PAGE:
CAMP FALLUJAH, Iraq -- A few of Regimental Combat Team 5’s newest Marines are just months shy of leaving the Corps’ ranks and they’re putting in one last tour in Iraq.
Sixteen Marines from 1st Battalion, 5th Marine Regiment arrived here to bolster security forces from RCT-5’s security details. They are replacing Marines from 3rd Battalion, 5th Marine Regiment whose tours in Iraq – and the Marine Corps – came to a close.
Most of the Marines are veterans of the battalion’s tour in Ramadi last year and a couple even had previous tours in Fallujah, when their battalion pushed into the city during Operation Vigilant Resolve, an offensive in April 2004.
“We can’t do our mission without them,” said Capt. Jason S. Freeby, Headquarters Company commander. "The good thing is they bring a resident knowledge of Iraq and combat operations.”
Freeby’s Marines aren’t just the usual task set of headquarters Marines. Beyond administration and supply clerks, he’s running security detachments for Fallujah’s Civil-Military Operations Center, response teams for improvised explosive devices and security at outlying camps and combat outposts. He’s filled those requirements with a mix of Marines from logistics, the 1st Marine Division Band and every now and then, a few infantrymen.
Now, he’s got a few more.
“What that infantryman brings is small-unit leadership,” said Freeby, a 31-year-old from Houston. “These guys also bring combat experience. It’s the intangibles that entails. I’ve got guys who are tested.”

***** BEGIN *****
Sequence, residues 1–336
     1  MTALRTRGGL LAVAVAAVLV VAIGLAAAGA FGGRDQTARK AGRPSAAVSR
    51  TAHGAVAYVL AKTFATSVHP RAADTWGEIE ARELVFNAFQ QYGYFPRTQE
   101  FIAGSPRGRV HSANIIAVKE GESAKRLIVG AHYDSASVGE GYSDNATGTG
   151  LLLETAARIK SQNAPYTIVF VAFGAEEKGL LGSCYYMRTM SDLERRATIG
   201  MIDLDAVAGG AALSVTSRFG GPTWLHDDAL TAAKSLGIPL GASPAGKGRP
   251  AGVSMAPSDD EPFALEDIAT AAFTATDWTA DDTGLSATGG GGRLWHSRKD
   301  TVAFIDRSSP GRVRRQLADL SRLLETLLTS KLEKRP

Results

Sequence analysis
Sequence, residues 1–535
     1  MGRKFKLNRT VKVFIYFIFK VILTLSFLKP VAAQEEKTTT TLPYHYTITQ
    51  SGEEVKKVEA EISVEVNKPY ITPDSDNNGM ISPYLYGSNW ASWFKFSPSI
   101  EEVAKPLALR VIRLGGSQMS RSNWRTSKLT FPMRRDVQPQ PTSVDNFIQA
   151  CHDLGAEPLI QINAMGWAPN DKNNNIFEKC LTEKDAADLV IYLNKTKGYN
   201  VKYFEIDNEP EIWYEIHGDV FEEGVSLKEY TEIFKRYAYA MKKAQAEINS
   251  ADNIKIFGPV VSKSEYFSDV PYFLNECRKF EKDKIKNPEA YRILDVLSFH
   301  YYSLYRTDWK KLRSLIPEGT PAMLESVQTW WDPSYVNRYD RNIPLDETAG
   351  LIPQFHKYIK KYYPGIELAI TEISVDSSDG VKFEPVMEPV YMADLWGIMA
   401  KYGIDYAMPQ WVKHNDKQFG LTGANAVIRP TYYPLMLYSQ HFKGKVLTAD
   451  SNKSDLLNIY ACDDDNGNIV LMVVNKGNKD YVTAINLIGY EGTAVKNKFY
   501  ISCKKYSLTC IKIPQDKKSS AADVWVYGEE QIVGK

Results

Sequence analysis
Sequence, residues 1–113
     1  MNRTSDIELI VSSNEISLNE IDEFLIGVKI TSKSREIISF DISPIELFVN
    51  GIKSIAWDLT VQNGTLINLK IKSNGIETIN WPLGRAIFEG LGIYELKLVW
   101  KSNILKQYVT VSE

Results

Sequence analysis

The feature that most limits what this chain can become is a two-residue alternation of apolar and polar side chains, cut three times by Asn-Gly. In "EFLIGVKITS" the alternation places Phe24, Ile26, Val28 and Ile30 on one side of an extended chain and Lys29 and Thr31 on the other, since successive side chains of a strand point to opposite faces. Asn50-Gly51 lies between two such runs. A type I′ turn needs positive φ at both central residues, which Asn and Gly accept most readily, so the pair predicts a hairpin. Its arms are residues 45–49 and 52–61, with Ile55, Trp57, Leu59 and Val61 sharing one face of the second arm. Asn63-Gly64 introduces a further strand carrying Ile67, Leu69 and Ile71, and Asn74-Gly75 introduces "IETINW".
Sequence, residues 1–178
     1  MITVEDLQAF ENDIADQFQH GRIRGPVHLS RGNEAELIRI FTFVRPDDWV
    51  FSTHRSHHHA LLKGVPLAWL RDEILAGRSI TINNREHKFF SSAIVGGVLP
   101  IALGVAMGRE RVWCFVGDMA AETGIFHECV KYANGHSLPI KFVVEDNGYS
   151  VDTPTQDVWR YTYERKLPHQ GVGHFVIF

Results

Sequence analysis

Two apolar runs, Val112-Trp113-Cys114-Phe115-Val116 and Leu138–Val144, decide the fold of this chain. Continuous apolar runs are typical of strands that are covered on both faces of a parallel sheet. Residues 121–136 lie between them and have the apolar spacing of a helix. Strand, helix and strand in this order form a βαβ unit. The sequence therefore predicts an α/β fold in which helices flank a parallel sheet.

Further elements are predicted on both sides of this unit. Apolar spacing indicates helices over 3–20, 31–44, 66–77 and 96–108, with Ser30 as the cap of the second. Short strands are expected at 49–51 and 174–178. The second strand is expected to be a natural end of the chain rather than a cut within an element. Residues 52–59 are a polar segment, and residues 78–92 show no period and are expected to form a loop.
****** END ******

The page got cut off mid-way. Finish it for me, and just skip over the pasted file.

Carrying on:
The 16 Marines jumped into their refresher training immediately. They took to Camp Fallujah’s nearby ranges and showed their skills manning M-240G and M-2 .50-caliber machine guns and MK-19 automatic grenade launchers. In a few short days, they’re going to be spread out throughout the regiment’s area, surrounding all of Fallujah and its’ nearby cities.
Lance Cpl. Noah H. Pippin, a 26-year-old from Memphis, Tenn., is on his third tour to Iraq. He was with 1st Battalion, 5th Marine Regiment when he marched into Fallujah and nearly everyone in front of him was considered hostile. He did a second tour in Ramadi and now, is ready to head back to some of the areas he fought to control.
“I want to go back and see how the city’s changed,” Pippin said. “The last time I was here, it was shot up and burned up. It was basically a guns-free area. t was a wasteland.”
Pippin said he’s heard about the reconstruction that’s been occurring. There was no such thing as a Fallujah police officer and there were failed attempt at a Fallujah brigade to bring an Iraqi answer for law and order. Now, Iraqi Army soldiers and Iraqi police officers man entry control points alongside Marines. Joint patrols are routine occurrences and Iraqis control whole swaths of the city by themselves.
“It looks pretty uplifting,” added Lance Cpl. James E. Hilliard, a 24-year-old from Tulsa, Okla. “We’re getting the job done. It proves to me that most Fallujans want peace.”
On the ranges, the new grunts were showing what they bring to the fight. Instead of standing by as students, they jumped into the role of teachers. They were clearing guns, teaching immediate and remedial actions and advising others on the finer points of manhandling the heavy weapons.
“We try to concentrate on the basics,” explained Sgt. Nicholas W. Leotti, a 20-year-old from Fort Myers, Fla.
Freeby’s expecting there will be a little friction, though. He’s given them marching orders to “question everything” to ensure Marines are doing what they need to and for the right reasons.
“They have that combat experience,” Freeby said. “I told them, ‘I want you to make us better.’ They’re a new set of eyes and combat requires out-of-the-box ideas. he best ideas come from the sergeants and the corporals on the ground.”